One With the Waves by Vezna Andrews #ARC #BookReview #1980sFiction

Can surfing change your life? For Ellie, it most certainly does. Vezna Andrews’ debut novel is set in 1980s Southern California, where fifteen-year-old Ellie discovers herself through her love of surfing. Born and raised in New York City, Ellie’s world is turned upside down when her father unexpectedly dies and her mother sends her to Manhattan Beach, California to live with her aunt and uncle.

Ellie’s new home is a sharp contrast to the loft in New York City’s garment district where she grew up. Heartbroken about her dad, and worried about her mom, who drinks too much, Ellie doesn’t fit in with the preppie girls at her new Southern California school, who eventually gang up on and bully her. Thankfully, with the encouragement of her aunt and uncle, she discovers surfing, which becomes her passion and her refuge.

While surfing California’s wild coast, Ellie experiences surfing’s spiritual, healing qualities, including magical experiences with wild dolphins, whales, and sea lions. Eventually, Ellie finds a group of like-minded friends, develops a crush on fellow surfer Nick, and grows extremely close to her Aunt Jen, Uncle Charlie, and their community of surfers. Through surfing, Ellie develops the confidence and strength needed to navigate her own path in life—surfing literally saves her, and changes her relationship with her mother forever.

One With the Waves (Amazon US) (Amazon UK)

I’m not quite sure why I requested this young adult book from NetGalley and Santa Monica Press, but I imagine it had something to do with the fact that Ellie is a teenager whose father dies, and I was a teenager when my father died. I decided to revisit those feelings by reading this book. I received this book in exchange for an honest review. All opinions expressed are my own.

Ellie is lost in her grief and not getting any help from her mother, who has taken to drink as a coping mechanism. She also realizes she can’t handle Ellie and take care of her, so she ships her from New York City to Manhattan Beach, California, where her younger sister and husband live. When she gets there, her aunt and uncle slowly teach her how to surf, and it’s a cathartic experience.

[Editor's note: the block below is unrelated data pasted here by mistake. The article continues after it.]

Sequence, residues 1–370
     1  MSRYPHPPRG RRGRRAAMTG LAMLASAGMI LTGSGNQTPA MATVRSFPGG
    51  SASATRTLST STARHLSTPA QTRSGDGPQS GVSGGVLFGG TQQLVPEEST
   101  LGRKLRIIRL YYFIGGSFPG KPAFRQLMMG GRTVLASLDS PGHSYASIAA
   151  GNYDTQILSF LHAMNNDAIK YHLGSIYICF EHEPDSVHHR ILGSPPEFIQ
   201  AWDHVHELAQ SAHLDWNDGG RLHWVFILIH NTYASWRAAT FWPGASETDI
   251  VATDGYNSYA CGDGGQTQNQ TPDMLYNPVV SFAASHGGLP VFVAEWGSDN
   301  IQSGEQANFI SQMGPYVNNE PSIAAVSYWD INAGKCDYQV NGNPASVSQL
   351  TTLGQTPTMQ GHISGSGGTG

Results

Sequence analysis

I have a feeling the book was set in 1983 was it was pre-home computer/cell phone/internet days, which makes it harder to get ahold of someone. There are frequent mentions of the music of the time and a song list at the end of the book. There’s also a lot of cheesy lingo that’s used repeatedly throughout the book that got old quick. I lived through that time, and we didn’t constantly talk like valley girls. The preppie girls who have nothing better to do than pick on an outsider are very real, however.

I spent most of the book trying to figure out the theme. Was it growing up after the loss of a parent? Or was it coping with a mother who shut down and had become an alcoholic? Was it the ability to make new friends when your life is turned upside down and you move across the country? Or was it about finding one’s passion while still finding oneself? I was never quite sure, and I felt the book was uneven because of it.

If you know nothing about surfing, you will learn a lot about it while reading this book. My eyes kind of glazed over half the time when discussing moves and types of waves, and I feel like the importance of surfing for Ellie could be explained without getting into the minutiae of surfing lingo.

There were some good parts to this book, and for a teen that’s going through a hard time, this might strike a chord, but for me, ultimately it was a bust.

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